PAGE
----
Business

Cannabis dispensary giant MedMen boosts U.S. footprint with major deal

MedMen Enterprises Inc., one of the most prominent companies in the expanding cannabis industry, agreed to buy medical pot firm PharmaCann for $682 million, boosting its presence across the U.S.

The all-stock purchase, which will give MedMen 10 additional dispensaries and licenses for several more, is one of the biggest in the history of the legal weed industry, which has seen its value explode in recent weeks as Canada prepares to legalize cannabis for adult use next week. With regulations set to loosen in more U.S. states, and around the world, investors are pouring billions of dollars into marijuana companies.

MedMen, which is run from Los Angeles, currently has 16 marijuana dispensaries in the U.S., including in Los Angeles, Las Vegas and New York. With the acquisition of Illinois-based PharmaCann, MedMen will have 79 licensed cannabis facilities, including grow operations, in 12 states, the company said in a statement on Thursday.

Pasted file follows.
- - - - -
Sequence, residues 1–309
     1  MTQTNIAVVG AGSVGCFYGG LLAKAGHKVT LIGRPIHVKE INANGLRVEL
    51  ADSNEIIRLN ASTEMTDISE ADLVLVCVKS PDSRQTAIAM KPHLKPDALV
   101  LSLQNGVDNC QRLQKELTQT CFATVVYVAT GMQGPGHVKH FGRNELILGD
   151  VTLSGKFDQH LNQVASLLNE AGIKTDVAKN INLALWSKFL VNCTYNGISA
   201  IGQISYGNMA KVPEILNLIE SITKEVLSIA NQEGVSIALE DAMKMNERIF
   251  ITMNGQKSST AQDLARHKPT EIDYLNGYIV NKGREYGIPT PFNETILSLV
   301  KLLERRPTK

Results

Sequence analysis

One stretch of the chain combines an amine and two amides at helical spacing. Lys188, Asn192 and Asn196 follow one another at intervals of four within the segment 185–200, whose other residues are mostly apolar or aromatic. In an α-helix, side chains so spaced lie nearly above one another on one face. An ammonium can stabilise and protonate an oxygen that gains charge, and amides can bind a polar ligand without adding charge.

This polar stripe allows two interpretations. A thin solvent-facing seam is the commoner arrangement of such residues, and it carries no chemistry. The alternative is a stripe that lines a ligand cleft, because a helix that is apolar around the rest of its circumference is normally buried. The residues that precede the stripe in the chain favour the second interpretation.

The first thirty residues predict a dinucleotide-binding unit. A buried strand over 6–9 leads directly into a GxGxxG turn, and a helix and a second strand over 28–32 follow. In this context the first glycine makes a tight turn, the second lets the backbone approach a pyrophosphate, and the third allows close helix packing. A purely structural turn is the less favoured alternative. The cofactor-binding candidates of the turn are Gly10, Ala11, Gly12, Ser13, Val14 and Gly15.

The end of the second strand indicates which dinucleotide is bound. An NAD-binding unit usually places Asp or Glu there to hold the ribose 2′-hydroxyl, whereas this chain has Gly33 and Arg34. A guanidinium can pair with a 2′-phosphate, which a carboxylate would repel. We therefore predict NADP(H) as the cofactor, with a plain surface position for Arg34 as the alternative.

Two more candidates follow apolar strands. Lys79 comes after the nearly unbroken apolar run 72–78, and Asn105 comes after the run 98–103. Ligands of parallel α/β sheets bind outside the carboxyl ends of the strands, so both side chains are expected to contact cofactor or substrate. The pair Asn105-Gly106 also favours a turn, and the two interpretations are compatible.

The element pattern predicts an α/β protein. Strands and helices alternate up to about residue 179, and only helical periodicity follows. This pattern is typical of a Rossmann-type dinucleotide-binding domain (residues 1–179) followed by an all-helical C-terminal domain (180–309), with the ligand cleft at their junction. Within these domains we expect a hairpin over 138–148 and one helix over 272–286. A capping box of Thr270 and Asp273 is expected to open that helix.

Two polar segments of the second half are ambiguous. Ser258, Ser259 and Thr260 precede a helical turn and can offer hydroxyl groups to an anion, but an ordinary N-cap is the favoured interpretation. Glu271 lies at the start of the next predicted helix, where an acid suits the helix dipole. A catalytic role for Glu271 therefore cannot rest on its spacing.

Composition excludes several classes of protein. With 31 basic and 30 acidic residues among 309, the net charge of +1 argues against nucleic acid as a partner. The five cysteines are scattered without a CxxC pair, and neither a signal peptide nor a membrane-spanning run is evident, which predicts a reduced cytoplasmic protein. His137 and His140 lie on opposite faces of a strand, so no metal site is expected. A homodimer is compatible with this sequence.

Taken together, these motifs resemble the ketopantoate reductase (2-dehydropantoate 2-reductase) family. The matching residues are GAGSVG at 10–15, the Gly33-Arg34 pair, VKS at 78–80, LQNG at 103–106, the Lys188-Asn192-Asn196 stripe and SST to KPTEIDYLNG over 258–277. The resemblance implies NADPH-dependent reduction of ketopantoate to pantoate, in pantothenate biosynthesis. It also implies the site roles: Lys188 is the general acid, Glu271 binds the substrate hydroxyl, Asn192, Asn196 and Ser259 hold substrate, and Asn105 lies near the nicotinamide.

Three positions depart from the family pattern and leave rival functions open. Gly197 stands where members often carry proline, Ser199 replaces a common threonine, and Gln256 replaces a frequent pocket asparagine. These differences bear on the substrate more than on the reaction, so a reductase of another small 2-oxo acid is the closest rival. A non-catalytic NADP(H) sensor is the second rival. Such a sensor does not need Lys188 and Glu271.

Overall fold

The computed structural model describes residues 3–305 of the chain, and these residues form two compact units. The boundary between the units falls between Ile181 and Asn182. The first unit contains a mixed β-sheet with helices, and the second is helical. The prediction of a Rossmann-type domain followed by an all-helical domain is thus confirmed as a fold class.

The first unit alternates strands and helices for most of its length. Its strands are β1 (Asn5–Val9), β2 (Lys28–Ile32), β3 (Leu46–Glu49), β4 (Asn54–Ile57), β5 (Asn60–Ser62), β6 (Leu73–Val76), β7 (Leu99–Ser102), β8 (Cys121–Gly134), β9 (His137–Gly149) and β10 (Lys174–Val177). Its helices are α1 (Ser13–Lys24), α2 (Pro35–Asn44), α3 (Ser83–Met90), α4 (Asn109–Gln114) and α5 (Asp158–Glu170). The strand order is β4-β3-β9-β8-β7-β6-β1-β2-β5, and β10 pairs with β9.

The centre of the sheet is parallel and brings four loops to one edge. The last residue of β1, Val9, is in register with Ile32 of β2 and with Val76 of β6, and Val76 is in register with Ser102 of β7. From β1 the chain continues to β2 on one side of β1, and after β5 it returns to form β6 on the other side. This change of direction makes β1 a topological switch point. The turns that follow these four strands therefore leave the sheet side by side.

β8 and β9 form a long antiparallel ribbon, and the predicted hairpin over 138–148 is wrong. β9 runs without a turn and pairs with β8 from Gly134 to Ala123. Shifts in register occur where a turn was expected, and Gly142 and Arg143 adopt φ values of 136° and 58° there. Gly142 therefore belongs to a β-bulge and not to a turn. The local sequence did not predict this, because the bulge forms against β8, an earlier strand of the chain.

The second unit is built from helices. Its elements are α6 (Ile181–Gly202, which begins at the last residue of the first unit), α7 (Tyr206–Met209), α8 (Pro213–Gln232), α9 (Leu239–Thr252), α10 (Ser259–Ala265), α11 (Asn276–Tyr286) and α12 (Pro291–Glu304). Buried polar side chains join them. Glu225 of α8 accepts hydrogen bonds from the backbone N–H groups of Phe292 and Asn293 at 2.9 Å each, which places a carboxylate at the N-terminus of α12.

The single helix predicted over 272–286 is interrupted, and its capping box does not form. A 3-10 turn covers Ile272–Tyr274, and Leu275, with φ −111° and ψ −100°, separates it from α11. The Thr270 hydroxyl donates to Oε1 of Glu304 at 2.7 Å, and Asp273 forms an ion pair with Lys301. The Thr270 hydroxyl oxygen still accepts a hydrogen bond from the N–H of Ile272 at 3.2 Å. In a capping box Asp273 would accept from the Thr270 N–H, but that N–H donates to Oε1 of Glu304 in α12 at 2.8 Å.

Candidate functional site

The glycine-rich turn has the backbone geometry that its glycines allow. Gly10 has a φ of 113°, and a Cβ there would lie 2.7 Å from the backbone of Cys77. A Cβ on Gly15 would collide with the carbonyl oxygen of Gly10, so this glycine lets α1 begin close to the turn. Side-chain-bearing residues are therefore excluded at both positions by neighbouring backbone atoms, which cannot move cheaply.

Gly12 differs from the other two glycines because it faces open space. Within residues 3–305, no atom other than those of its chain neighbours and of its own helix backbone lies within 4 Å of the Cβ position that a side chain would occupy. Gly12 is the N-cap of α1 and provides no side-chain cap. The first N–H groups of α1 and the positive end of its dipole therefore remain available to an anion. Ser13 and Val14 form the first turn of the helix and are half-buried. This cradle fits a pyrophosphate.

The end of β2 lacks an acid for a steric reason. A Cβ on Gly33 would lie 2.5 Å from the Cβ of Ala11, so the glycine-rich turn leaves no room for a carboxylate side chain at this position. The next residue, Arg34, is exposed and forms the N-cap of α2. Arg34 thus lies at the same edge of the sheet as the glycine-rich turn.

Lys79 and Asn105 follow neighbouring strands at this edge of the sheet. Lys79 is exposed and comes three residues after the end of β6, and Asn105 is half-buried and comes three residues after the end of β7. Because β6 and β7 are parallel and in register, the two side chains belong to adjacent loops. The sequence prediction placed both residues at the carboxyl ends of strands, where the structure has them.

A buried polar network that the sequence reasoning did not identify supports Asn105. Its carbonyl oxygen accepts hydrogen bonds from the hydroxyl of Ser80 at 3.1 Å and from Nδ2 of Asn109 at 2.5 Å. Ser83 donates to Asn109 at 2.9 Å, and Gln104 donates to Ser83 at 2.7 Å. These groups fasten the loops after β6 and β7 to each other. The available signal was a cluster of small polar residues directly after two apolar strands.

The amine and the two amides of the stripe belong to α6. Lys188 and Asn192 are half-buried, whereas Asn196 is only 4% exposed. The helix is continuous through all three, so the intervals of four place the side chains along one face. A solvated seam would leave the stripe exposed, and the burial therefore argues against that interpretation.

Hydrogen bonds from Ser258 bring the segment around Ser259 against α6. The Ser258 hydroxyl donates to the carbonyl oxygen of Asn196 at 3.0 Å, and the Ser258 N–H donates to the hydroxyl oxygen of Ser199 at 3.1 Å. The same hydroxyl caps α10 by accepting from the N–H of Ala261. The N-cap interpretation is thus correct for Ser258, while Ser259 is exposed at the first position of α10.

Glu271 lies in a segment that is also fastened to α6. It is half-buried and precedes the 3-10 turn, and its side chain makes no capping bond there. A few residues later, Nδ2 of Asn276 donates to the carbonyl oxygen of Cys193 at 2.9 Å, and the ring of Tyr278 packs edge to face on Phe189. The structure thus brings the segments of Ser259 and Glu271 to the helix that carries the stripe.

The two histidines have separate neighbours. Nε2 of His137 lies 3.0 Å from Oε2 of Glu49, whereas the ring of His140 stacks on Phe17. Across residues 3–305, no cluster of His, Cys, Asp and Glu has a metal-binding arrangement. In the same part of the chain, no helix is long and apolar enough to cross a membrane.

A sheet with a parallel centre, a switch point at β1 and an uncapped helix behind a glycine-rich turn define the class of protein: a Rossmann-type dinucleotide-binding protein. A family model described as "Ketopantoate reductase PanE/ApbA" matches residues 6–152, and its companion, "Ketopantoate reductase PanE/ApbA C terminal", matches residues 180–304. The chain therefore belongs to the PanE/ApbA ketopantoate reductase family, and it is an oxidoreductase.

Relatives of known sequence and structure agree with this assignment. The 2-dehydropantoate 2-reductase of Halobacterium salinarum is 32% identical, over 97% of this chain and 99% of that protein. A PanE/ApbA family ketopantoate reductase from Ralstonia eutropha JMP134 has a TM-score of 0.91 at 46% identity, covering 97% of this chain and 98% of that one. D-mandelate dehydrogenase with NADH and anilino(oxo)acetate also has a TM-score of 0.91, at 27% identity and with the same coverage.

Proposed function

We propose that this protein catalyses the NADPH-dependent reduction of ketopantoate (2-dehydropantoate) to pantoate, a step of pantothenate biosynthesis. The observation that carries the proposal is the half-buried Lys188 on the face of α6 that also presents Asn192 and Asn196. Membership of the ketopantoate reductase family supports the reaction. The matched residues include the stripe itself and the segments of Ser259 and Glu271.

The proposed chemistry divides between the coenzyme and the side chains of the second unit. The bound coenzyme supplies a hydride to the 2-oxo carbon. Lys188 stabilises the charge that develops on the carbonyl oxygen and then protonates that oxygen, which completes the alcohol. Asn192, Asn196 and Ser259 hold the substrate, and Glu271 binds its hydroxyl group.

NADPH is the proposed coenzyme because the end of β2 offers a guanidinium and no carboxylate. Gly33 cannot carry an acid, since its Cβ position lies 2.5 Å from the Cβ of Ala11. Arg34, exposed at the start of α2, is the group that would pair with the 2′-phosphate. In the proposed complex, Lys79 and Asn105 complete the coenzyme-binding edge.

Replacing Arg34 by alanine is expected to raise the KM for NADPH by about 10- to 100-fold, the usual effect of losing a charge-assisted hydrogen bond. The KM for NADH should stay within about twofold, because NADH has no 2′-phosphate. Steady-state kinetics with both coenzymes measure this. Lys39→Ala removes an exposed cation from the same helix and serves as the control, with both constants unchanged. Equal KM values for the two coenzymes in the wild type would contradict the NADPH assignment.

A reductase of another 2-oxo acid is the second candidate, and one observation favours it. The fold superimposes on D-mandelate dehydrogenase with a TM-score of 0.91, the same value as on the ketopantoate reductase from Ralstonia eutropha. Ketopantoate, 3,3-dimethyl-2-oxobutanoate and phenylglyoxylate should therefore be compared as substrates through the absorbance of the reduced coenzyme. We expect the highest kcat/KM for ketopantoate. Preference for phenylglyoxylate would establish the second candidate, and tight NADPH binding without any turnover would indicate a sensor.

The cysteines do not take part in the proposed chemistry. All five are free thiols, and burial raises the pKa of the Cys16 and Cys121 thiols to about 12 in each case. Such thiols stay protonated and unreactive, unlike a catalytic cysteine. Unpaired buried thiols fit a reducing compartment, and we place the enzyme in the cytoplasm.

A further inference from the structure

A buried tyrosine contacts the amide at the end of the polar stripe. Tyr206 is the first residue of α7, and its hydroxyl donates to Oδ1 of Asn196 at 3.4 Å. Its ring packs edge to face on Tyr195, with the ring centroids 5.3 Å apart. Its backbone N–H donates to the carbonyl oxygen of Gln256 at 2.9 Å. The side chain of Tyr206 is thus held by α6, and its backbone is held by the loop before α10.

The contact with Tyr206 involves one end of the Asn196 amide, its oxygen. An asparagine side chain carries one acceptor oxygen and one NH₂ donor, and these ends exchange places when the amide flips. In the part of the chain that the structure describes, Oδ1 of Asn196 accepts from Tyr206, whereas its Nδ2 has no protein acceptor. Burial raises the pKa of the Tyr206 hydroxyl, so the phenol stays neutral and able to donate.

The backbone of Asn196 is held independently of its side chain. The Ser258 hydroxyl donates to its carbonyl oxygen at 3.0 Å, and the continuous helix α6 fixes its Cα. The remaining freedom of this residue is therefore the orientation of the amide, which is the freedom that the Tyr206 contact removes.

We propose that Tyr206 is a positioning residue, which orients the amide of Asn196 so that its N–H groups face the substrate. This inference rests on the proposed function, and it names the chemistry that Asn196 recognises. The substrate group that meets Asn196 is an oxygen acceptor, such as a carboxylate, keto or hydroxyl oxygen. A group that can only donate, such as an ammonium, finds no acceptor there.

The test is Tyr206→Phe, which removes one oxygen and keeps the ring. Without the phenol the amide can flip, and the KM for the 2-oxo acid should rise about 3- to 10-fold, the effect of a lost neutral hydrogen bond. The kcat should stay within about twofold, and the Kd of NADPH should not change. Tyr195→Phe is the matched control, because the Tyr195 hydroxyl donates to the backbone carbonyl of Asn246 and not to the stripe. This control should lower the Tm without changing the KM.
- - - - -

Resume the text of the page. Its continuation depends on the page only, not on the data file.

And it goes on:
MedMen went public earlier this year through a reverse takeover in Canada. The company made the move to have the capacity to do deals like the one announced Thursday, according to Chief Executive Officer Adam Bierman.

“The purpose of going public was to add more velocity to the trajectory we were on,” he said in an interview. “This leapfrogs us into our next phase of growth.”

MedMen’s shares have jumped 25 percent since the trading debut, giving the company a market value of $1.83 billion. So far, it has mainly been focused on the marijuana markets in California, New York, Nevada and Florida. MedMen is now moving into six additional states, including Massachusetts and Michigan.

The company opened a high-profile medical dispensary in April on Fifth Avenue in Manhattan, not far from the New York Public Library. MedMen paid $26 million for that license, betting that recreational legalization will eventually arrive in New York state.

“We built that store for the future,” Bierman said. “These markets have to be opened up and evolve into robust recreational markets over time.”